Breaking Views

Yankees - The Goldman Sachs of baseball

Both team and bank provoke passion in their fans and critics almost as a result of their winning records, both financially and in their chosen games.

EMAIL  |   PRINT  |   SHARE  |   RSS
 
google my aol my msn my yahoo! netvibes
Paste this link into your favorite RSS desktop reader
See all CNNMoney.com RSS FEEDS (close)
By Rob Cox, breakingviews.com

(breakingviews.com) -- You're either with them -- or you hate them. That sums up the way baseball fans feel about the New York Yankees. And that's also why the team, which clinched its 27th World Series on Wednesday night, is the Goldman Sachs of American sports.

Goldman (GS, Fortune 500) and the Yankees have both earned their cult-like following -- or passionate scorn, depending on whose bleachers you sit in -- almost solely as a result of their winning records, both financially and in their chosen games.

They also do business together. Goldman has advised Yankees owner George Steinbrenner on deals, including the creation of the YES channel, the team's regional sports network, in which Goldman took a 40% stake. The two are also partners in Legends Hospitality Management, which runs concessions for the Yankees and the Dallas Cowboys football team.

Moreover, both have arguably benefited from public largesse. The Yankees sold $1.2 billion of tax exempt bonds to build their new stadium -- essentially a subsidy from the City of New York. Goldman sold bonds guaranteed by the federal government this year and took (and repaid) $10 billion of funds under the Treasury's bailout program.

Both also command premium valuations. Even before defeating the Philadelphia Phillies at Yankee Stadium, the Yankees were easily the most valuable franchise in Major League Baseball. Forbes has valued the team, owned by Steinbrenner since 1973, at $1.5 billion -- some three times the estimated worth of the Phillies.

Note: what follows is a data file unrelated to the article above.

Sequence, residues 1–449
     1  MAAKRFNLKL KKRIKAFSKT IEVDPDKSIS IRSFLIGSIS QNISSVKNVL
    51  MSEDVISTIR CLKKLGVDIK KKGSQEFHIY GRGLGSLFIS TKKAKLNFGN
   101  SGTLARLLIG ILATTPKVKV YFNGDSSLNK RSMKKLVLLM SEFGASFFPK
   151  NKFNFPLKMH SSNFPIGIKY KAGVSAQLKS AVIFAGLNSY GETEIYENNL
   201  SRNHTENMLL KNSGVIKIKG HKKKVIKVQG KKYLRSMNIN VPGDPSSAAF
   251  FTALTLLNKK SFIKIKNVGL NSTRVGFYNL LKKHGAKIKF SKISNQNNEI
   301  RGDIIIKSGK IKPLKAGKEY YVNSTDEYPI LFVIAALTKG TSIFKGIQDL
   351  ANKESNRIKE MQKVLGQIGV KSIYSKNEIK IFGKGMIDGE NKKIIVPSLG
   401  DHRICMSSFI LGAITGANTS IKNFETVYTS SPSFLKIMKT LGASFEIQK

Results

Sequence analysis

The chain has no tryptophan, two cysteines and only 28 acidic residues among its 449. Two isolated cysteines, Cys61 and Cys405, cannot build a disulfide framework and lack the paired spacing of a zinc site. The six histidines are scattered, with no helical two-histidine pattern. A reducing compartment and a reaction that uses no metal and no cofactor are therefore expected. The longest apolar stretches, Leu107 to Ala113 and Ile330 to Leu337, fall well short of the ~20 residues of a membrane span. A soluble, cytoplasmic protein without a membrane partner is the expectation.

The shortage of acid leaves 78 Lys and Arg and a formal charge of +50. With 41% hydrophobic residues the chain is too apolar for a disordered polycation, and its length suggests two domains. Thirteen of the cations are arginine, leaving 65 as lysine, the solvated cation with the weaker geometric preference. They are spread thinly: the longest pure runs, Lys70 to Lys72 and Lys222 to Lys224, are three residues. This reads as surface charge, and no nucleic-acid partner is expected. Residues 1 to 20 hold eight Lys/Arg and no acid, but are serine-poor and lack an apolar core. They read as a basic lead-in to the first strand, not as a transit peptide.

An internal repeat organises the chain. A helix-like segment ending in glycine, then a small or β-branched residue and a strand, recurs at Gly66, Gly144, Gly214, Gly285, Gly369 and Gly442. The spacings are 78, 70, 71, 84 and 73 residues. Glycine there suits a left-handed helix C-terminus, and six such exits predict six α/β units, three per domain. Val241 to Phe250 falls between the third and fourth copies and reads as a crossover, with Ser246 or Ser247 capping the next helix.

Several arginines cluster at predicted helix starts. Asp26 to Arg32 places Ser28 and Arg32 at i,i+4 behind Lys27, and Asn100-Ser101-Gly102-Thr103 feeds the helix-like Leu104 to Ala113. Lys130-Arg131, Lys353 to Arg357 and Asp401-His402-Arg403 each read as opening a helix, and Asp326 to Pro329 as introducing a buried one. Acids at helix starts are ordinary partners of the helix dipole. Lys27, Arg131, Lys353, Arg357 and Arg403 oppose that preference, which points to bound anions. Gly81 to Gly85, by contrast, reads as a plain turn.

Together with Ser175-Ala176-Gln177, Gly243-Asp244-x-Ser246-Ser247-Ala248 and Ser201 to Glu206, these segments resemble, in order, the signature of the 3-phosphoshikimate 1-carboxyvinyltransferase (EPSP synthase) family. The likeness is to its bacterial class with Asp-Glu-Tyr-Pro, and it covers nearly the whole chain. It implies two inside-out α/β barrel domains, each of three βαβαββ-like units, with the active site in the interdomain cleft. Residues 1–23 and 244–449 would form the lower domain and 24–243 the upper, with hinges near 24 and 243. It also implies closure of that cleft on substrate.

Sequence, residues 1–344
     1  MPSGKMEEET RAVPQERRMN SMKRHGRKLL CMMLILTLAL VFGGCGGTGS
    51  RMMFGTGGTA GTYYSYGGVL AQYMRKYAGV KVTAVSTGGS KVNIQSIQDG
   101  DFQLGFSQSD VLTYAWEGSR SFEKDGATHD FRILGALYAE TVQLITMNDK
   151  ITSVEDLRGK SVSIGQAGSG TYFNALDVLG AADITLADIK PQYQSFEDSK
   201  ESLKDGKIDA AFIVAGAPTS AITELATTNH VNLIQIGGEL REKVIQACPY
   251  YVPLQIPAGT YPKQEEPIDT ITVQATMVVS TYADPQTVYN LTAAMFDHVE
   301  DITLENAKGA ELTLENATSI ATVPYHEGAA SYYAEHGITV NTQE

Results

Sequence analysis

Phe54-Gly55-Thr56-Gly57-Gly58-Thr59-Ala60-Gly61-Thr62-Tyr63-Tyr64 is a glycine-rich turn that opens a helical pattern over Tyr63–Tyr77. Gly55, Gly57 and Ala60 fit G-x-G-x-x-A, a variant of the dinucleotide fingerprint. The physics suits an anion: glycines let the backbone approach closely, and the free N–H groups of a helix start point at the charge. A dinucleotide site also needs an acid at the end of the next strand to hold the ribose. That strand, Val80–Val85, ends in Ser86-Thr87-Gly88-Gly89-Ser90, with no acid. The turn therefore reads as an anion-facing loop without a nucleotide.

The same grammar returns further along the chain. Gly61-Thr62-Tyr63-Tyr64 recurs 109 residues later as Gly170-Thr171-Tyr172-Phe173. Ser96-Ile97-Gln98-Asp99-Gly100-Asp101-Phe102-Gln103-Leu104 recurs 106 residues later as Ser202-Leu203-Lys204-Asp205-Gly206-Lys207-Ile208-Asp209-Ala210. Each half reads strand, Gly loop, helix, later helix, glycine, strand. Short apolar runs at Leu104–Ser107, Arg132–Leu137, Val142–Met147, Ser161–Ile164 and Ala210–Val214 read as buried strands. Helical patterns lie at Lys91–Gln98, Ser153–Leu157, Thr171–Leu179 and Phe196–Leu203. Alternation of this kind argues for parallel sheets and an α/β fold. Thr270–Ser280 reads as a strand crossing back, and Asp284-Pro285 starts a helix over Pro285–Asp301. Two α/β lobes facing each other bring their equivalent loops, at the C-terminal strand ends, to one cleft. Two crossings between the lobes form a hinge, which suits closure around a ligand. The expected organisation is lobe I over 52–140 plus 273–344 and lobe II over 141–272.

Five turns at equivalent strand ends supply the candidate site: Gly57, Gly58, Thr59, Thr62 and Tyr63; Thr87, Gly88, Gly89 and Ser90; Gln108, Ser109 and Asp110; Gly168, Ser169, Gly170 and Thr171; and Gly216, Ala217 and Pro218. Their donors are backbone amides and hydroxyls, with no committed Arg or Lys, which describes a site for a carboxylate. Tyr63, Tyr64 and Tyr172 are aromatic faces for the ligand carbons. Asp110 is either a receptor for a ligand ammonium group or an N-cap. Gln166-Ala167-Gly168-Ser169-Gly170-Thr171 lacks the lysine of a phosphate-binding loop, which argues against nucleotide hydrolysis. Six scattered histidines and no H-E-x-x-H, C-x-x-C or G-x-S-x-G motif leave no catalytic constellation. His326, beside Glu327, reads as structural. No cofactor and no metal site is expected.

Goldman Sachs, too, commands a premium to its rivals. The bank, which has a market capitalization of $88 billion, trades at 1.5 times book value. By contrast, JPMorgan (JPM, Fortune 500) hovers at just about the value of its assets minus liabilities. Citigroup (C, Fortune 500), meantime, trades at a substantial discount to both -- at just 65% of its book value.

This is, of course, a reflection of an ability to generate dollars. The Yankees are expected to bring in some $400 million this year from sales of tickets, merchandise, concessions and broadcast rights. That's almost four times the top line generated by the laggard Florida Marlins.

Goldman is also on course to rack up a stellar year, with revenue hitting $47 billion and net income around $11.5 billion, according to estimates compiled by Bloomberg. That even tops estimates for profits at JPMorgan, one of Goldman's fellow crisis winners and a larger enterprise.

It's this success that allows both teams to pay up for players. The Yankees' payroll this year came in at around $210 million -- or around $9 million for each player on its roster, more than double the major league average.